Review by Richard Mouw. Richard Mouw served as president of Fuller Theological Seminary for 20 years. He is the author, most recently, of Restless Faith: Holding Evangelical Beliefs in a World of Contested Labels (Brazos).
We evangelicals have been complaining quite a bit lately about increasing infringements on our freedoms as people of faith. I frequently join in voicing those complaints.
My own worries tend to focus specifically on higher education. Evangelical colleges and universities benefit considerably from federally funded student loans—in many cases, three-fourths of a school’s tuition income is dependent on such resources. This pattern is seriously threatened by efforts to deny federal student loans—as well as federal funding for faculty research projects in the sciences—to schools where faculty are required to subscribe to doctrinal standards and students and employees are expected to abide by traditional Christian norms of behavior.
Similarly, on some secular university campuses these days Christian groups are being denied access to meeting spaces. The insistence that student leaders in these groups must affirm specific theological commitments is seen as incompatible with prevalent standards of free inquiry.
Reading Steven Waldman’s fine new book, Sacred Liberty: America’s Long, Bloody, and Ongoing Struggle for Religious Freedom, has been good for my soul, in that it helps me keep the issues of religious freedom in a proper perspective. Waldman wouldn’t want people like me to stop complaining about such matters. But he does encourage us to see them in their larger historical context.
The Madisonian Model
Waldman makes it clear, for example, that things have been much worse for religious minorities in the past. By the time of the American Revolution, the Anglican clergy in the Virginia colony had seen to it that over half of the Baptist preachers there had been arrested and jailed at some point and even severely tortured on occasion—simply for being Baptist. Nor did matters improve much with the establishment of the new republic. A half-century after the signing of the Declaration of Independence, not only were Protestant mobs setting fire to Catholic convents, but they also treated the teeth of nuns buried in the convents’ crypts as valuable souvenirs. And as recently as the World War II period, Jehovah’s Witness were treated brutally—in some cases they were castrated—for their refusal on conscientious grounds to say the Pledge of Allegiance.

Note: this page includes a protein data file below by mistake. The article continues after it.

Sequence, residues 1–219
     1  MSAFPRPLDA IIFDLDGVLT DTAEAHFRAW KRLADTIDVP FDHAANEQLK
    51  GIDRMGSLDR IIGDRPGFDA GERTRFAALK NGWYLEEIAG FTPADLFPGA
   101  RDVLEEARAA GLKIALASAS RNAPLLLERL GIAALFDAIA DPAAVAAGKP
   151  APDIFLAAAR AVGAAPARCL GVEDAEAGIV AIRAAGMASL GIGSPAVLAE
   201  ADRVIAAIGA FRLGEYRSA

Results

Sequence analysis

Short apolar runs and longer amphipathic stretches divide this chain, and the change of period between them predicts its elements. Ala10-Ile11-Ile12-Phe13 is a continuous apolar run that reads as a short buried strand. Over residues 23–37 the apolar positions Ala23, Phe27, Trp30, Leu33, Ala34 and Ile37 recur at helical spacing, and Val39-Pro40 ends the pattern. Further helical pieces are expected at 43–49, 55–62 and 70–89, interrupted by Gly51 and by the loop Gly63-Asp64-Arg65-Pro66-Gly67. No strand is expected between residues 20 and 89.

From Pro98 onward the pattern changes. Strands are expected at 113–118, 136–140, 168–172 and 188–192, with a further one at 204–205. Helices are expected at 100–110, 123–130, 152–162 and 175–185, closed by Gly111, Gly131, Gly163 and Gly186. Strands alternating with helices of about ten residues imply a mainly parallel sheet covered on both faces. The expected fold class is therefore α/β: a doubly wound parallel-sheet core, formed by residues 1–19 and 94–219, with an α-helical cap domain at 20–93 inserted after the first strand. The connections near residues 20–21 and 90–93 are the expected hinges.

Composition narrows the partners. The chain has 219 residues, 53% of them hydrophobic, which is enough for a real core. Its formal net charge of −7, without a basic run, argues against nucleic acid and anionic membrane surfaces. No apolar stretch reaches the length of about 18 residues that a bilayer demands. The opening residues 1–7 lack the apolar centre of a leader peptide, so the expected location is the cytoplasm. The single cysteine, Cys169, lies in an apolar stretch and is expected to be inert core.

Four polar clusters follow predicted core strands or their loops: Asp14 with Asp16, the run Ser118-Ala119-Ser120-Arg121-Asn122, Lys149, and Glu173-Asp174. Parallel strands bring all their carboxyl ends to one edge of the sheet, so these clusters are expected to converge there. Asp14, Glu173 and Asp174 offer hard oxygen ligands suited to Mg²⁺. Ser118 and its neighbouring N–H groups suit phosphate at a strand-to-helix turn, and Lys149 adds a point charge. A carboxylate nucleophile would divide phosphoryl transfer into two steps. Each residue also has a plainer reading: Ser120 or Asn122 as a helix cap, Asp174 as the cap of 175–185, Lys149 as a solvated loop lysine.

Waldman’s narrative does not dwell on these horrific details, but he does provide us with just enough background to show how bad religious persecution has been in American history. And his account attends not only to the suffering faced by the groups featured in standard narratives of American religious history—Quakers, Catholics, Mormons, and others—but also to the oppressive treatment imposed upon Christian slaves, Native Americans, Sikhs, and Muslims.
Nor were the nation’s founders paragons of virtue in the realm of religious freedom, since they disagreed among themselves about the degrees of tolerance that different faith traditions deserved. Thomas Jefferson was an Enlightenment thinker who was not all that enthusiastic about religious freedom as such. Indeed, as Waldman points out, when Jefferson pledged “eternal hostility toward every form of tyranny over the mind of man,” the “tyrants” that he actually had in mind were some Congregationalist leaders with whom he had been disputing.
Waldman’s hero from the founding generation is James Madison, whose views on religious freedom—and Waldman is clearly right on this—hold up well in our contemporary setting. As Waldman puts it, while Jefferson supported “the freedom to think,” Madison was passionately committed to “the freedom to pray”—in other words, to act on one’s faith in the public square. Madison believed that a healthy social order depends on a diverse and vibrant religious life among the people.
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Source: Christianity Today